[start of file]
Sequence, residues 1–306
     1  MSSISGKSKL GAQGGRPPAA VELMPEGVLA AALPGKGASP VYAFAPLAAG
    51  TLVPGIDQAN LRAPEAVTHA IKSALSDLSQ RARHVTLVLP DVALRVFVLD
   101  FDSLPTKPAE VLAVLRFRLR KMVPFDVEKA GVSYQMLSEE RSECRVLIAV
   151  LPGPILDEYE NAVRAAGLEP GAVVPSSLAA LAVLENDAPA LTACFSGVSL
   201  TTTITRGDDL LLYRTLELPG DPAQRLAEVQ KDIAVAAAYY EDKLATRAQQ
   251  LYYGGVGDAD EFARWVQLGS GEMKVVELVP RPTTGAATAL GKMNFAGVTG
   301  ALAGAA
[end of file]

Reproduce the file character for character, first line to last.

Sequence, residues 1–306
     1  MSSISGKSKL GAQGGRPPAA VELMPEGVLA AALPGKGASP VYAFAPLAAG
    51  TLVPGIDQAN LRAPEAVTHA IKSALSDLSQ RARHVTLVLP DVALRVFVLD
   101  FDSLPTKPAE VLAVLRFRLR KMVPFDVEKA GVSYQMLSEE RSECRVLIAV
   151  LPGPILDEYE NAVRAAGLEP GAVVPSSLAA LAVLENDAPA LTACFSGVSL
   201  TTTITRGDDL LLYRTLELPG DPAQRLAEVQ KDIAVAAAYY EDKLATRAQQ
   251  LYYGGVGDAD EFARWVQLGS GEMKVVELVP RPTTGAATAL GKMNFAGVTG
   301  ALAGAA